Monday, April 22, 2024

The Sound of Silence

A judgment passed by the Kerala High Court for compensation to the victims has been disregarded by the state. The judicial directions are based on fundamental rights and are not an example of judicial overreach

By Prof Upendra Baxi

In an admirably succinct opinion, Dr Justice Kauser Edappagath of the Kerala High Court had to resolve an unusual problem. The state created a Special Court for Trial of Offences Relating to Atrocities Against Women and Children, also including POCSO cases (Additional Sessions Court-I), Alappuzha. He passed two orders relating to offences of sexual harassment, directing the District Legal Services Authority, Alappuzha, to pay an interim compensation of Rs 15,000 to the victims in two cases pending before it. 

Lo and behold, the Kerala Legal Services Authority and the District Legal Services Authority, Alappuzha, the statutory authorities entrusted with the power to give compensation to the victims under the Victim Compensation Scheme under Section 357A of CrPC as well as under Section 33(8) of the POCSO, challenged these orders. They said that “sexual harassment” is not included as an injury in the Schedule of the Kerala Victim Compensation Scheme, 2017, and accordingly, the victims were not eligible for compensation. And “given the critical question of law involved in the question”, the learned Justice was pleased to appoint KK Dheerendrakrishnan as Amicus Curiae to assist the Court.

The apex court had a quarter century ago expounded the principles of “compensatory justice in criminal law” and urged a national policy and law which would extend to all victims (Hari Singh vs Sukhbir Singh and Others 1988). Further, it maintained that the compensation “should not be limited only to fines or penalties, if realized”, but rather “the State should accept the principle of providing assistance to victims out of its funds, even in case of acquittals or where the offender is not traceable or identifiable”.

What is more, as the Court rightly notes: the Law Commission of India, in its 154th report, recommended incorporating a provision like Section 357A to the CrPC. Such a scheme is justified on the “principle that the State has a humanitarian responsibility to assist crime victims” and that the “assistance is provided because of the social conscience of its citizens and as a symbolic act of compassion” [Para 6]. The learned judge, on two grounds, negatived the contention that victim compensation can be denied. First, a welfare legislation has to be construed broadly: “When the welfare statute is made with the single focus of the benefit of victims, such an Act must be treated as remedial to protect the victims. While interpreting a provision brought in as a remedial measure, that too, as a means of welfare for the victims of crimes, the court must always interpret the words in such a manner that the relief contemplated by the provision is secured and not denied to the class intended to be benefitted” [Para 12]. Did the State not know even this much?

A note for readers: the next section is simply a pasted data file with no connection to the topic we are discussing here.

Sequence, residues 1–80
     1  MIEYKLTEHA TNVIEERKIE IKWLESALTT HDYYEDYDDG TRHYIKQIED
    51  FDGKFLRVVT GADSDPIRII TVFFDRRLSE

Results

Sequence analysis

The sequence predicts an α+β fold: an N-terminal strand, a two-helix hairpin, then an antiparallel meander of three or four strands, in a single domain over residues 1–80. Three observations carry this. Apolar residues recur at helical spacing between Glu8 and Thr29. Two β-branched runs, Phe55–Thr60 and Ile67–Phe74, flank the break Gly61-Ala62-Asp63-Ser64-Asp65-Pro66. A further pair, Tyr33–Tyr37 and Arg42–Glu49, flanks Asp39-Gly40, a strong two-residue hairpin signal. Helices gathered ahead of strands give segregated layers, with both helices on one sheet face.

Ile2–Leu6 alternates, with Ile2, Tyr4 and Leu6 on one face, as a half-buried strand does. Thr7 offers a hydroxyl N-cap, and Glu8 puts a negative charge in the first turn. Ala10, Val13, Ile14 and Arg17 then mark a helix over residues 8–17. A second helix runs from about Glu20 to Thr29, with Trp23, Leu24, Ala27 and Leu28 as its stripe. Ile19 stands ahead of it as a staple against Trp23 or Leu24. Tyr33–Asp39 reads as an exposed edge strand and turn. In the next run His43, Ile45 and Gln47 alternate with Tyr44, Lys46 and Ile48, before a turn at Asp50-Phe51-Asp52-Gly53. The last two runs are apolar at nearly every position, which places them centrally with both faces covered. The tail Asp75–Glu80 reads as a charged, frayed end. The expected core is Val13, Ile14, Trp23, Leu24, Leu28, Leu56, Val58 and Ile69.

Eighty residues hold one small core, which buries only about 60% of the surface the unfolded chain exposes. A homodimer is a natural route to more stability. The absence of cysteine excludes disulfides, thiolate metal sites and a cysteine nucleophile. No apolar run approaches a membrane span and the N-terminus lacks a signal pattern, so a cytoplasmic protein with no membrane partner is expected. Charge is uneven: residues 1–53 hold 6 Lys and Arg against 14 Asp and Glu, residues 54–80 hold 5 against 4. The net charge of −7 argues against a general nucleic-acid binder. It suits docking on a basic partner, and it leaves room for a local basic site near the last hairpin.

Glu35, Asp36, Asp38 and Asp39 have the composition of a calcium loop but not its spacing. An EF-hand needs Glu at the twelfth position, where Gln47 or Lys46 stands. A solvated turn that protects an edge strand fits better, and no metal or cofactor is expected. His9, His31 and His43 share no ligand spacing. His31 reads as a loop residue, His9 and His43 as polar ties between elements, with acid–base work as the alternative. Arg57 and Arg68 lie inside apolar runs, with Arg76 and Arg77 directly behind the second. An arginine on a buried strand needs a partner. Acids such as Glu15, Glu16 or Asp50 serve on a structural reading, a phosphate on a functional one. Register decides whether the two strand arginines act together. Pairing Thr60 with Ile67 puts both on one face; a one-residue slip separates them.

The second ground concedes that “the term ‘sexual assault’ found in either of the Schedules of the Scheme cannot be taken as a ‘sexual assault’ as defined under the POCSO Act”. However, “the general meaning of the term ‘sexual assault’ must be taken” into account. For example, “Black’s Law Dictionary defines ‘sexual assault’ as (i) sexual intercourse with another person who does not consent (ii) offensive sexual contact with another person, exclusive of rape”. And in the Webster’s Dictionary, “the word ‘sexual assault’ means the crime of touching someone in an unwanted sexual way”. Thus, “the term ‘sexual assault’ found in either of the Schedules of the Scheme” must be construed as “any sexual offence against a victim, including sexual harassment” [Para 13]. It should never be forgotten that the POCSO Act is intended as a “self-contained comprehensive legislation for the protection of children from sexual offences, with emphasis on the best interest and well-being of the child at every stage of the criminal process, and to ensure the healthy physical, emotional, intellectual, and social development of the child” [Para 14]. Did the officials not know all this already?